Picking apart some of those foundational things that needed to go in order to free us up to make the leap to the future was hard.

Many times, I did, and still do, have moments where this monumental work seems impossible.

My drive always comes from wanting to create a better future for everyone.

Whenever something seems like a struggle, I remind myself that there is a real person on the other side who needs the benefit of the change we are fighting for.

Jerome Knyszewski: So, how are things going today? How did your grit and resilience lead to your eventual success?

David Bolt: Change is ever present. The biggest win for all the hard work that we’ve put in has been creating a flexible company that can adapt to whatever is next.

We’ve seen that over the past year more than ever and it’s exciting to have a company positioned to lead our future.

Have a growth mindset. Leaders are going to make mistakes, lots of them. David Bolt

Jerome Knyszewski: Ok super. Here is the main question of our interview. What are your “5 Things I Wish Someone Told Me Before I Began Leading My Company”? Please share a story or an example for each.

David Bolt:

  1. Be authentic. Early in my role as leader, I would try to act like previous leaders, or other people I knew who were successful.

    But this was so wearying because it wasn’t me. When we can’t be ourselves, we have to “flex” into another role; it’s exhausting, and I found that I was burning out so quickly.

    Once I accepted that I could just be myself, not put on an act or play a role, leading became easier.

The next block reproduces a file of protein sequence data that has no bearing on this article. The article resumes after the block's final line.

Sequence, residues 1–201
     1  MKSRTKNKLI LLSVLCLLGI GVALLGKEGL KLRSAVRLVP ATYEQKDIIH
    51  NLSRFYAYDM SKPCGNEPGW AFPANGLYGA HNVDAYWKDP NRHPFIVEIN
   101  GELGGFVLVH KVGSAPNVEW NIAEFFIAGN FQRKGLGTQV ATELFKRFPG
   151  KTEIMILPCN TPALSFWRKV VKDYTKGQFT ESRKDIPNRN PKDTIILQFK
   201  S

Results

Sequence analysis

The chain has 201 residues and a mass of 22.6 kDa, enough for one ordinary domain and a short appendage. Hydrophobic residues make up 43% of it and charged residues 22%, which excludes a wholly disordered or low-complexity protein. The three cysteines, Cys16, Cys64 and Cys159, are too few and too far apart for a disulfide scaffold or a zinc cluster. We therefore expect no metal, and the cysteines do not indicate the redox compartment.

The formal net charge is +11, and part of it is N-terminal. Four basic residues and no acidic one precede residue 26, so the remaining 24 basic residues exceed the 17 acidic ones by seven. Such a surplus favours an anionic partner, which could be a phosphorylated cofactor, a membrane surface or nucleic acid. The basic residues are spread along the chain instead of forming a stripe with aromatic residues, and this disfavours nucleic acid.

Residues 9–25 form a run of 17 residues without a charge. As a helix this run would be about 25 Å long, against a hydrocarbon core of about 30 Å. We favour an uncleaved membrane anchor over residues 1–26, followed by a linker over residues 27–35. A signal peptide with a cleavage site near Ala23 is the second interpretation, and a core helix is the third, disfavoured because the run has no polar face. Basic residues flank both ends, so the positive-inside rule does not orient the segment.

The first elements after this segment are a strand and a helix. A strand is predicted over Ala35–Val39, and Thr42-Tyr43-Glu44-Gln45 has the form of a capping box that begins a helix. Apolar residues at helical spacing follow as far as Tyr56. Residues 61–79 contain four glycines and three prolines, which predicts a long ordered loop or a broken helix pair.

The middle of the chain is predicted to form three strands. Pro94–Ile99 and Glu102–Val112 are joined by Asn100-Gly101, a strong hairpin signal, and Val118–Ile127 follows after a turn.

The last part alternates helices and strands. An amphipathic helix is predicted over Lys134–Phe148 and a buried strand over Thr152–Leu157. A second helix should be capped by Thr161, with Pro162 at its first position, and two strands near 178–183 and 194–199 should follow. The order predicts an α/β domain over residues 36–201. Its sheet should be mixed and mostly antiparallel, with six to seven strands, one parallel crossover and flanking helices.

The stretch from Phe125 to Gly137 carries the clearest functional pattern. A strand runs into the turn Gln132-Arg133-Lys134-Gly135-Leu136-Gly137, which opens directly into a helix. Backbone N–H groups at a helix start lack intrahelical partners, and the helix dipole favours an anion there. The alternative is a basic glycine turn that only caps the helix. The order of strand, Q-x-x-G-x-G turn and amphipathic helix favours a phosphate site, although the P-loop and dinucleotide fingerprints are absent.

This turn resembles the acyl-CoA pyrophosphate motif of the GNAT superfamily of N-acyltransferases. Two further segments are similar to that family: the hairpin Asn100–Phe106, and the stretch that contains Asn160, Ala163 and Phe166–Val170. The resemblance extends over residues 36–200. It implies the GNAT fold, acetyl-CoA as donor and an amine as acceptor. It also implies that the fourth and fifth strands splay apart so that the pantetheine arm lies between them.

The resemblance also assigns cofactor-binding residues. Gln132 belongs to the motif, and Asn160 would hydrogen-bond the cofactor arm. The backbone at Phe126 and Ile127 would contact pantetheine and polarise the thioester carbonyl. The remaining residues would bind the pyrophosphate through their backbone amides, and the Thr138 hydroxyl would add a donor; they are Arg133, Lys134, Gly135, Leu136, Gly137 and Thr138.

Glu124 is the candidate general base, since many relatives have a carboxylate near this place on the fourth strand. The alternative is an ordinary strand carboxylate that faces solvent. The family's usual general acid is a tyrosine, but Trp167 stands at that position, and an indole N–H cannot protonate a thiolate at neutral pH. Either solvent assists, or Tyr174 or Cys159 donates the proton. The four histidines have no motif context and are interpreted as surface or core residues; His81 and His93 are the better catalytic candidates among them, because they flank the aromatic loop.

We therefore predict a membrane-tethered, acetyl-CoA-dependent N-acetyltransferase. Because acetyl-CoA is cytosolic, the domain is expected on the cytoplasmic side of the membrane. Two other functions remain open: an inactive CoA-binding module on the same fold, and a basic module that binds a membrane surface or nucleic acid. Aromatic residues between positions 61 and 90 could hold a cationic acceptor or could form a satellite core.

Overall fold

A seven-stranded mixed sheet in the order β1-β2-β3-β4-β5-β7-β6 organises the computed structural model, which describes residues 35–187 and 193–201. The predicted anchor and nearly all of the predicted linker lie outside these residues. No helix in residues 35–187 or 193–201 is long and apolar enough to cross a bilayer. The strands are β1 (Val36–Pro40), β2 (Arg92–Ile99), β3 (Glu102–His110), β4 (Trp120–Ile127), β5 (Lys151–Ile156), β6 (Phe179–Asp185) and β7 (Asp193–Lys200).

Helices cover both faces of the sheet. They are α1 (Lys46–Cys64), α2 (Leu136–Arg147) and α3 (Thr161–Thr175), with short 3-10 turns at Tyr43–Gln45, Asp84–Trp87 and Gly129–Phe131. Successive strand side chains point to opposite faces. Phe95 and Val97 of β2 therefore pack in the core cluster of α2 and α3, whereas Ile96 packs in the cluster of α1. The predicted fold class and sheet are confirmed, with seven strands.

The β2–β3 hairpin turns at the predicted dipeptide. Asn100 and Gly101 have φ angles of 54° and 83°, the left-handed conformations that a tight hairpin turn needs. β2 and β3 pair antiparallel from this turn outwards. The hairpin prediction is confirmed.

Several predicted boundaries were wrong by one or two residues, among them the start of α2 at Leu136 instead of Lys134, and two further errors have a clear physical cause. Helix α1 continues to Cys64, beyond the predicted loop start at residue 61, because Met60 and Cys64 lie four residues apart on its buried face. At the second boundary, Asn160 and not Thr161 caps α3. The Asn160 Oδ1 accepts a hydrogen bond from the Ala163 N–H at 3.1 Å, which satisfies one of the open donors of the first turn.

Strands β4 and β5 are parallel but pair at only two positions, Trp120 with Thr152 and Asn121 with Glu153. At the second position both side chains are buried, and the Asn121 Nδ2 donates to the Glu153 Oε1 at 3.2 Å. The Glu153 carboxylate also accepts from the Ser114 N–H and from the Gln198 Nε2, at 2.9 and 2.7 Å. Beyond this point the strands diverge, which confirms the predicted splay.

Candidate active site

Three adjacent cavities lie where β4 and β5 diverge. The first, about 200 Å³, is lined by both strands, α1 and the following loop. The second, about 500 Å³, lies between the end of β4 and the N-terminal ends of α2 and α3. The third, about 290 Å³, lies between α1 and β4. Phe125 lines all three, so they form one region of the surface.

2. Be humble. No one is a lone wolf; we live in a community with each other and we share our successes and failures together.

    Practicing humility makes you a better listener, better able to inspire your team, and keep everyone focused on the organization’s goals.

  3. Care, but don’t micromanage. A leader’s only job is to care for those who they lead, so those people can take care of their work.

    When leaders micromanage, they lose the trust of their employees, and risk pulling the organization down rather than lifting it up.

  4. Have a growth mindset. Leaders are going to make mistakes, lots of them.

    Early on, I would get frozen in decision making because I was afraid of making the wrong choice.

    My world changed when I read Carol Dweck’s book, “Mindset,” and realized that making mistakes was the best way to learn.

    I started to tell myself, “sure you might have been more ready for this role in 5 or 10 years, but think of all the things you’ll learn by doing the role now.

    In 5 or 10 years, you’ll be twice as ready as you would have been had you not taken this role.”

  5. Empower others. Don’t take other people’s problems — empower them to figure out how to solve it; that’s how they learn the most.

    A common mistake most leaders make is wanting to solve everyone’s problems for them. And a lot of employees just take their problems to the “boss” to solve.

    Every time a leader just solves the problem for someone, you’re stealing their opportunity to contribute.

    Sure, they won’t solve the problem the same way you would, but their growth is going to lead them to do great things that you never would have thought.

Jerome Knyszewski: How can our readers further follow you online?

David Bolt: Follow me personally on LinkedIn, or you can follow GMB on Twitter.

Otherwise, check out GMB on LinkedIn, Instagram, and Facebook.

Jerome Knyszewski: This was very inspiring. Thank you so much for the time you spent with this!